Whether it’s in school or in the workplace, the U.S. is obsessed with engineering equal patterns of results for all groups (“The University of Denial,” The Wall Street Journal, Mar. 23). When the goal is not achieved, charges of discrimination in one form or another are blamed.
But the truth is that no group is a monolith. Some members are smarter or work harder than others. To attribute differences to anything else denies reality. I’ll restrict my comments to schools in this column, although I submit that they apply elsewhere as well.
Differences among groups of students are referred to as the achievement gap. Whenever it occurs, these differences are said to be ipso facto evidence of discrimination. Yet so many disparities happen because people make different choices. No matter how hard we try to provide equal opportunities, there will always be unequal outcomes. I’m not saying we shouldn’t do more to help students be the best they can be (the old Army recruiting slogan), but we need to accept reality.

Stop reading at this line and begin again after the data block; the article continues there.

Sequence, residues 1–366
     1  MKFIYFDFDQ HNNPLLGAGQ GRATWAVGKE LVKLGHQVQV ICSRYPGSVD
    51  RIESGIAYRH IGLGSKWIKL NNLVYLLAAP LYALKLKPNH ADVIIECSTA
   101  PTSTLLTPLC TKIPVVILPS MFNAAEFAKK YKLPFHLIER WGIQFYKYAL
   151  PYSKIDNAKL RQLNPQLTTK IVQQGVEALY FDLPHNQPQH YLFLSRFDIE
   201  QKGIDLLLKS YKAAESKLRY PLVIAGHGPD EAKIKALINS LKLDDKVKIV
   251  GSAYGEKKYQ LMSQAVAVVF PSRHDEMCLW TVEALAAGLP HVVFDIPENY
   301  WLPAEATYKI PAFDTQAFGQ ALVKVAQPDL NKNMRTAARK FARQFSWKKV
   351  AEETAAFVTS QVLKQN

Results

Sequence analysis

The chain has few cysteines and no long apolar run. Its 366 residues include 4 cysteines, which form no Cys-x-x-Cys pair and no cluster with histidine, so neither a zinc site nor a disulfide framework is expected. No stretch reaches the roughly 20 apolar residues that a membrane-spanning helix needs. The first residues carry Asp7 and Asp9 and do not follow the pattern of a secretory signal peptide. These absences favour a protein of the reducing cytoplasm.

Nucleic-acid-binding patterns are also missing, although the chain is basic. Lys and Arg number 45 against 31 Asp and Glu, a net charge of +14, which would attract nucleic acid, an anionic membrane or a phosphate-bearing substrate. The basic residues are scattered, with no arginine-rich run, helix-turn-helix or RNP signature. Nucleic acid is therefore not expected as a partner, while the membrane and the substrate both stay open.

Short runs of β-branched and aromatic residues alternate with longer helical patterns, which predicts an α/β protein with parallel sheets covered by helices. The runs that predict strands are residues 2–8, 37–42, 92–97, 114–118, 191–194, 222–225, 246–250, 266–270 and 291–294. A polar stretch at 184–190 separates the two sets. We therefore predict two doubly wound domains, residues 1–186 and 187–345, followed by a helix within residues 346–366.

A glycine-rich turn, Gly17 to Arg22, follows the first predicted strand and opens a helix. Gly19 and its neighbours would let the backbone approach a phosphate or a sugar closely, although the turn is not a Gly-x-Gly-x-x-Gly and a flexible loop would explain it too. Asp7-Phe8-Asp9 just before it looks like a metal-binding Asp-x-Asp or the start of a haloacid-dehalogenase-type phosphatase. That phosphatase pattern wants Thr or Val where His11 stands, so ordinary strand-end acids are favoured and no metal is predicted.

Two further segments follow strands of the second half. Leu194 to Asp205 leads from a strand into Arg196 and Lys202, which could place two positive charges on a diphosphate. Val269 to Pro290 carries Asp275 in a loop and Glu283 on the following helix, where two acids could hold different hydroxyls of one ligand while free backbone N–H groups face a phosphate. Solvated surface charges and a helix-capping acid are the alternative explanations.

In 2006, Richard Rothstein, Rebecca Jacobsen and Tamara Wilder published a paper whose title summarized my view: ‘Proficiency for All’ – An Oxymoron. “No goal can simultaneously be challenging to and achievable by all students across the entire achievement distribution.” No standard can do both. In short, we can’t have it both ways. Yet we persist. I submit that diluting standards eventually harms those it purports to help.
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